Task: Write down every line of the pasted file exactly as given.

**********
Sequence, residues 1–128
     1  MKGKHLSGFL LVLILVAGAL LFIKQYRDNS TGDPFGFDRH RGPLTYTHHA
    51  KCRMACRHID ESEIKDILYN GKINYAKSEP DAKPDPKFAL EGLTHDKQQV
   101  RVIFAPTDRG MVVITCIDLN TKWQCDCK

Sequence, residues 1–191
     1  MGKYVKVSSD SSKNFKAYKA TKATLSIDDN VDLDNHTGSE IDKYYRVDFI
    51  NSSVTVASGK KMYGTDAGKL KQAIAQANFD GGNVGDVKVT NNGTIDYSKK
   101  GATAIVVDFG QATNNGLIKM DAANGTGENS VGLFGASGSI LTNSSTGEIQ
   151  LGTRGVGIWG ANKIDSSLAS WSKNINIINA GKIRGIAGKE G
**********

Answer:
Sequence, residues 1–128
     1  MKGKHLSGFL LVLILVAGAL LFIKQYRDNS TGDPFGFDRH RGPLTYTHHA
    51  KCRMACRHID ESEIKDILYN GKINYAKSEP DAKPDPKFAL EGLTHDKQQV
   101  RVIFAPTDRG MVVITCIDLN TKWQCDCK

Sequence, residues 1–191
     1  MGKYVKVSSD SSKNFKAYKA TKATLSIDDN VDLDNHTGSE IDKYYRVDFI
    51  NSSVTVASGK KMYGTDAGKL KQAIAQANFD GGNVGDVKVT NNGTIDYSKK
   101  GATAIVVDFG QATNNGLIKM DAANGTGENS VGLFGASGSI LTNSSTGEIQ
   151  LGTRGVGIWG ANKIDSSLAS WSKNINIINA GKIRGIAGKE G